It’s been a hairy couple of weeks in South Africa — and not just for the country’s finance minister, who’s been under threat of arrest by investigators in a seemingly factional battle in the ruling party.
The issue of hair has been in the news as a result of stringent, old-fashioned colonial thinking and regulations that basically ban Afros in various South African schools. That this is the prevailing situation in the country that gave the world Steve Biko and Black Consciousness is, to my mind, quite appalling.
But it reminded me of the tale of Afro Kipara bin Matuta. Afro was born in Nairobi and grew up in a multicultural environment.
As a child, he had thick, coarse curly hair, but envied some of his friends and neighbours from Europe and Asia, who had straight, supposedly easy-to-manage hair. To Afro, all these people had to do when they woke up was run their fingers through their hair, and shake it like the model in the Timotei TV advert, and off they went.
His hair, on the other hand, needed to be coerced with the help of Vaseline Hair Tonic or Brylcreem before it could be combed. In the morning, and as the concept of bad hair days or even baby dreads had not yet arrived in his world, he had no choice in the matter other than to go bald, which was unheard of for young boys.
Afro yearned to have Eurasian “get up and go” hair, and eventually achieved it at some cost by using harsh chemicals. But this came with its own challenges, including having to buy lots of extra ‘product’ to apply on the hair and complicated routines, including wearing a shower cap to bed to maintain the wet look.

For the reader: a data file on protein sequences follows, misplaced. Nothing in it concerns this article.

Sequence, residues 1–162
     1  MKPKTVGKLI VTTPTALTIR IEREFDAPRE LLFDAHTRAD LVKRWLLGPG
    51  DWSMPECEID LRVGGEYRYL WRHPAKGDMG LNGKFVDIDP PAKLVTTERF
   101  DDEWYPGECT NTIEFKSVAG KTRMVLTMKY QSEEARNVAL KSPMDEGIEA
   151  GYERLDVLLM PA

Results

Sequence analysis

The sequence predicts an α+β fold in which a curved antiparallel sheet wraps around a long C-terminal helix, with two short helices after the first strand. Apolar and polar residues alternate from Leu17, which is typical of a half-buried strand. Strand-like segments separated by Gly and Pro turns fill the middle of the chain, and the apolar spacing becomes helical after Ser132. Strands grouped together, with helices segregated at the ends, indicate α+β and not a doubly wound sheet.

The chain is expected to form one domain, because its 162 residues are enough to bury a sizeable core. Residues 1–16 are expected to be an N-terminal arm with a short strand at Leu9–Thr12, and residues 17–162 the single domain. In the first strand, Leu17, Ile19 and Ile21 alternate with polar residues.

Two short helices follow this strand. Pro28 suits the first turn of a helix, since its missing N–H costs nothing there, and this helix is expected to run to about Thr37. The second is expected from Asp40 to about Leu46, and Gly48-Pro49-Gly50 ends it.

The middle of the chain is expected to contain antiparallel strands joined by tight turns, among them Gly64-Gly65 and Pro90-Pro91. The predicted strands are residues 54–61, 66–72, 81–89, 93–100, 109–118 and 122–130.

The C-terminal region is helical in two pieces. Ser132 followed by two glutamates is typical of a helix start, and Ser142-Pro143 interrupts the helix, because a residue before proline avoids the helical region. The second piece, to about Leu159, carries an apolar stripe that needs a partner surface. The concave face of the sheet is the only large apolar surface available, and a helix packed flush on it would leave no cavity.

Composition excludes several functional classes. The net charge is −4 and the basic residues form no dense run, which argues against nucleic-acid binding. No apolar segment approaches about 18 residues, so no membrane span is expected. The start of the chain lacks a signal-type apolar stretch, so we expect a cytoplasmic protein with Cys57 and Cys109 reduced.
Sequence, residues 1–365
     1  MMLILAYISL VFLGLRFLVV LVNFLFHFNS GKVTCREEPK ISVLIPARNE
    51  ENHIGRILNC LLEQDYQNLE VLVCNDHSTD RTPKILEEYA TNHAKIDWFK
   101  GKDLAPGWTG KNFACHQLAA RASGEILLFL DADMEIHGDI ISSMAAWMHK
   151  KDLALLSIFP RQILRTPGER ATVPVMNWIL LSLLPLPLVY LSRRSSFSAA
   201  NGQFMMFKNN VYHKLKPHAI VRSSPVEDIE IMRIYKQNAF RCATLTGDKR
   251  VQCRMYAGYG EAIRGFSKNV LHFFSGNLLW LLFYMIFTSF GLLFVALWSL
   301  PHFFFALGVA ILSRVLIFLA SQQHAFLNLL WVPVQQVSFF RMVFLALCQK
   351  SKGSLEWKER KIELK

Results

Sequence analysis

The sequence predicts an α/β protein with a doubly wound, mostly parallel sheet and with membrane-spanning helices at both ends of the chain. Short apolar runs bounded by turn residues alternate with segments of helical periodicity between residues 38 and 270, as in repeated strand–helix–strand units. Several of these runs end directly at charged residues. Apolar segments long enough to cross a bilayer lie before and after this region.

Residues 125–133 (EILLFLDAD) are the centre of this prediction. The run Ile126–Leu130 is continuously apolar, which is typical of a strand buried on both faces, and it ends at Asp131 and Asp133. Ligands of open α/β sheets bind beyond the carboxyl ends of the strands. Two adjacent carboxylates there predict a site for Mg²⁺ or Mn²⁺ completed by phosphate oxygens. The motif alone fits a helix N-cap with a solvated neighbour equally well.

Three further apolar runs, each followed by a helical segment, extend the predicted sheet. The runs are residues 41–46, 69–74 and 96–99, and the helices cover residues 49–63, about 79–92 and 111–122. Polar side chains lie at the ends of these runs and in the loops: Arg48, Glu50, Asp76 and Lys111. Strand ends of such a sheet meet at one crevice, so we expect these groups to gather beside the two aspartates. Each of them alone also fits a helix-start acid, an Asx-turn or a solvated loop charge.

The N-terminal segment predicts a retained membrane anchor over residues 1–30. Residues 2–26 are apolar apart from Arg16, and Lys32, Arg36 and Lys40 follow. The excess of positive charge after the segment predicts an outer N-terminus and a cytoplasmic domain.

In later years, he found that this snazzy wet look was an impediment to getting a job, as nobody would take him seriously until his hair was cut into a small, neat afro. Did I mention that at about this time, Afro was reading the autobiography of Malcolm X?
Malcolm said that when black people chemically straighten their hair, they are implying that in order to be presentable, they must abandon their natural hair and do their best to resemble white people. Therefore, to achieve Mobutu Sese Seko style authenticity and conform to Kenyan conservativeness, he changed his style yet again.
As luck would have it, shortly after he dispensed with the hair chemicals, genetics set in and his hair began to thin on top rather rapidly, forcing him to shave his entire head clean in a style reminiscent of Isaac Hayes, thus also living up to his middle name, Kipara.
These days, he looks back on his youthful hair adventures with a wry smile and wonders what the heck he was thinking. Does he have the answers? I doubt it, but he’s glad there is a conversation around the issue.